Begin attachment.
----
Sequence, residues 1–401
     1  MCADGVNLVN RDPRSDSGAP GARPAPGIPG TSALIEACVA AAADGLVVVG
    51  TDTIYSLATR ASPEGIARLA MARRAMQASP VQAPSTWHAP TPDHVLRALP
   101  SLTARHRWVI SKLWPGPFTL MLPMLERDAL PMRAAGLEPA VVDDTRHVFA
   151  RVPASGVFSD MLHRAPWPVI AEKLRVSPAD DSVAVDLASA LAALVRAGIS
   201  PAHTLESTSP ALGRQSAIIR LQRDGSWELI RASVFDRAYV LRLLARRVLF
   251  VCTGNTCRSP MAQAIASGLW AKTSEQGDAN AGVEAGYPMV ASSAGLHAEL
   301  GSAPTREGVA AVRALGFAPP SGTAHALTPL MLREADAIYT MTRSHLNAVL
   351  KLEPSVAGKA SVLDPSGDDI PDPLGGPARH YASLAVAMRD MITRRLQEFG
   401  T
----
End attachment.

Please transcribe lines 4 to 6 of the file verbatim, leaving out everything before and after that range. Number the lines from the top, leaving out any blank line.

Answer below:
   101  SLTARHRWVI SKLWPGPFTL MLPMLERDAL PMRAAGLEPA VVDDTRHVFA
   151  RVPASGVFSD MLHRAPWPVI AEKLRVSPAD DSVAVDLASA LAALVRAGIS
   201  PAHTLESTSP ALGRQSAIIR LQRDGSWELI RASVFDRAYV LRLLARRVLF